Finally a reasonable voice in the sea of hysterics over Trump’s immigration policy: Why Catholics Need to Take a Deep Breath Over Trump’s Migrant Ban
“Yes, every country has the right to control its borders, who comes and who goes,” [Pope] Francis said, “and those countries at risk —from terrorism or such things— have even more right to control them more.”
In a remarkably apt passage of his Summa Theologica, Aquinas noted that the Jewish people of Old Testament times did not admit visitors from all nations equally, since those peoples closer to them were more quickly integrated into the population than those who were not as close.
Some hostile peoples were not admitted at all into Israel due to their historical antagonism toward the Jewish nation and the threat they posed to Israel’s security.
Immigration policy can take a variety of forms, and Catholic teaching has never sought to canonize a particular arrangement as the best or only one. The underlying moral principles guiding such policies are an openness to the stranger and the foreigner, balanced by attention to the common good of the nation, its ability to fully integrate immigrants into its culture and in a special way the security and safety of its citizens.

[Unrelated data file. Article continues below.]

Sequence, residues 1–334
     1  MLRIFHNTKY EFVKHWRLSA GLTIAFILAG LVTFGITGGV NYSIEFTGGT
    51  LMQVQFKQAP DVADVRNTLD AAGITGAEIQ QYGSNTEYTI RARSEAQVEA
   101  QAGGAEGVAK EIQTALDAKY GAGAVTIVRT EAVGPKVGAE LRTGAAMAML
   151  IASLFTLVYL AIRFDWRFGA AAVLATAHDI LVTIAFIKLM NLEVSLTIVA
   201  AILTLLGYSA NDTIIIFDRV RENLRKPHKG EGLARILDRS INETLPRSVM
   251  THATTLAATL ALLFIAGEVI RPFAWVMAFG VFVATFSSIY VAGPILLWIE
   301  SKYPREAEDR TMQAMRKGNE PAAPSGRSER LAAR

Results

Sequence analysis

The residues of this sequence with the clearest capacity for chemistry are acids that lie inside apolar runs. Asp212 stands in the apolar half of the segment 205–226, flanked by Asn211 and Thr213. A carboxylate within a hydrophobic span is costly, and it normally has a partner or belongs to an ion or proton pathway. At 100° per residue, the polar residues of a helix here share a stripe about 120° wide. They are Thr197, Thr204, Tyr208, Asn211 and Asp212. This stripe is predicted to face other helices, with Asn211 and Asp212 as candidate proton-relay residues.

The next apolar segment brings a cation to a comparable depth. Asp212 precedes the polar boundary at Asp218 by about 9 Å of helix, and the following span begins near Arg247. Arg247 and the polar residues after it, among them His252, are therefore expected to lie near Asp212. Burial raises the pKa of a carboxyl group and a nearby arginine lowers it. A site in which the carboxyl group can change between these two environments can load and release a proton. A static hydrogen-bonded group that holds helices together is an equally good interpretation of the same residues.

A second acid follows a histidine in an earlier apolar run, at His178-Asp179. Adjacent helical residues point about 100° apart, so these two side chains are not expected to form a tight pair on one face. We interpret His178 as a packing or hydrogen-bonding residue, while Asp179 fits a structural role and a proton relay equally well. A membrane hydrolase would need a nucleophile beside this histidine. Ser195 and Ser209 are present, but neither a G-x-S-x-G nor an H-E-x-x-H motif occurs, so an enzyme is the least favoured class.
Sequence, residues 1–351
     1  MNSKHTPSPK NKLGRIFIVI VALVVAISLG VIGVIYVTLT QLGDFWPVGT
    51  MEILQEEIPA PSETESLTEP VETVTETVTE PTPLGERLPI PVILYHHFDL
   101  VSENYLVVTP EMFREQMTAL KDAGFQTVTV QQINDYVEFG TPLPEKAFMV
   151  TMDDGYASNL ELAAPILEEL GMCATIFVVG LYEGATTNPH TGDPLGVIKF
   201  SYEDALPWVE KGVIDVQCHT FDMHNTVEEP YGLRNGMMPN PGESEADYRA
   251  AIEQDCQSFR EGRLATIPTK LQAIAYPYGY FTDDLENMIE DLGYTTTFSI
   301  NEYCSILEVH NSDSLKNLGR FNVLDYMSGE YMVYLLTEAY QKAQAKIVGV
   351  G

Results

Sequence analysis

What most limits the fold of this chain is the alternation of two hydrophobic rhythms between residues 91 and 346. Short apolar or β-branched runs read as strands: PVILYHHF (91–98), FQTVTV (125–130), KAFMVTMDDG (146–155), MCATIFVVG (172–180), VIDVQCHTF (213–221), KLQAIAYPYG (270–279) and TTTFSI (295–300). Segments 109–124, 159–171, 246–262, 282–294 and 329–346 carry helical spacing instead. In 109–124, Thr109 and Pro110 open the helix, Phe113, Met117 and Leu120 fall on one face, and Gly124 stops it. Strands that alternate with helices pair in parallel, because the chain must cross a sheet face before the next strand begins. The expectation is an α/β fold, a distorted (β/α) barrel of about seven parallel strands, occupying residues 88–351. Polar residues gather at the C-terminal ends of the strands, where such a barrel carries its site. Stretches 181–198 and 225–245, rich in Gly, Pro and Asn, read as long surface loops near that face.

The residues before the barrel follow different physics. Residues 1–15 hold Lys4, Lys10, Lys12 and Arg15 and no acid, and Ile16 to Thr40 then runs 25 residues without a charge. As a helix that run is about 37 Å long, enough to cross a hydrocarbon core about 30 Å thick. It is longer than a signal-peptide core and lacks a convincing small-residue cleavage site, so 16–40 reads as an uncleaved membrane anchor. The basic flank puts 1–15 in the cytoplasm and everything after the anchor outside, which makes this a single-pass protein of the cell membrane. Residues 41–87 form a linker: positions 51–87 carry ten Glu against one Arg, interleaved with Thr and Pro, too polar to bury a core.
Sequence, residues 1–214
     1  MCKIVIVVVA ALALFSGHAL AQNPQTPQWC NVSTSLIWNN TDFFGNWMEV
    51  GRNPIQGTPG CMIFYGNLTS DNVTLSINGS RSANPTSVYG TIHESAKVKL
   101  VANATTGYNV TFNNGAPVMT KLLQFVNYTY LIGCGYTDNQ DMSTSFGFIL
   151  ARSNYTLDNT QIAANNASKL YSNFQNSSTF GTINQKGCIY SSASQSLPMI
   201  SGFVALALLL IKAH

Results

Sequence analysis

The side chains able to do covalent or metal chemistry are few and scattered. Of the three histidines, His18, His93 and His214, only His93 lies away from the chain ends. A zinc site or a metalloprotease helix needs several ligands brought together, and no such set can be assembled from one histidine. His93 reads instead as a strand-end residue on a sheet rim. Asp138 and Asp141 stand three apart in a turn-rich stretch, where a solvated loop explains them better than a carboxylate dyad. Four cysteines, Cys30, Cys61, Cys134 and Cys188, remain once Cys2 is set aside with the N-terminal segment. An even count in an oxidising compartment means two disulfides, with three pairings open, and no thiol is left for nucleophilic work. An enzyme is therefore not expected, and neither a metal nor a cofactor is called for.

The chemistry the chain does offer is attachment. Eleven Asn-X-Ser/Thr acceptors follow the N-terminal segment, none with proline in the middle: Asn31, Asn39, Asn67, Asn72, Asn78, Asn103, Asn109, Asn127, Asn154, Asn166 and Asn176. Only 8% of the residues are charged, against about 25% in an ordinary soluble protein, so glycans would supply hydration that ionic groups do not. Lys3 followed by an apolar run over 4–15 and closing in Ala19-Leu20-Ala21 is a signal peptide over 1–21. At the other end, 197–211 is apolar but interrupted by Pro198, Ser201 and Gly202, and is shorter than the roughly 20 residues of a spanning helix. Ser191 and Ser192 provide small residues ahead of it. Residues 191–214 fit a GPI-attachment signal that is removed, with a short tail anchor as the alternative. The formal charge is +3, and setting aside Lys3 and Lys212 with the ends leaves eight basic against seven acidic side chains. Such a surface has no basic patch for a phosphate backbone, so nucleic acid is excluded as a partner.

Whether President Trump’s executive order is the best prudential decision in contemporary circumstances is a matter of legitimate debate. Should the number of temporarily banned nations be seven or five or twelve? Is a three-month moratorium the ideal time frame to get America’s leaky vetting procedures shipshape? These and many other questions can and should be asked and people of good will may disagree on the answers.
But this is a far cry from treating the executive order as an evil or reprehensible act. Such summary judgments have absolutely no basis in Catholic teaching and merely reinforce prejudices against Catholic prelates as too quick to make pronouncements that overextend their competence and expertise. They also risk appearing to proceed from personal or partisan concerns rather than the good of the nation.
The President’s first duty is to protect the citizens of the country. Doing so responsibly can entail sacrifices and demands courage and prudence. If Catholic leaders wish to disagree with the way President Trump carries this out, they should do so respectfully, appealing to principles of Catholic teaching and the natural law, and not through innuendo, accusation and insult.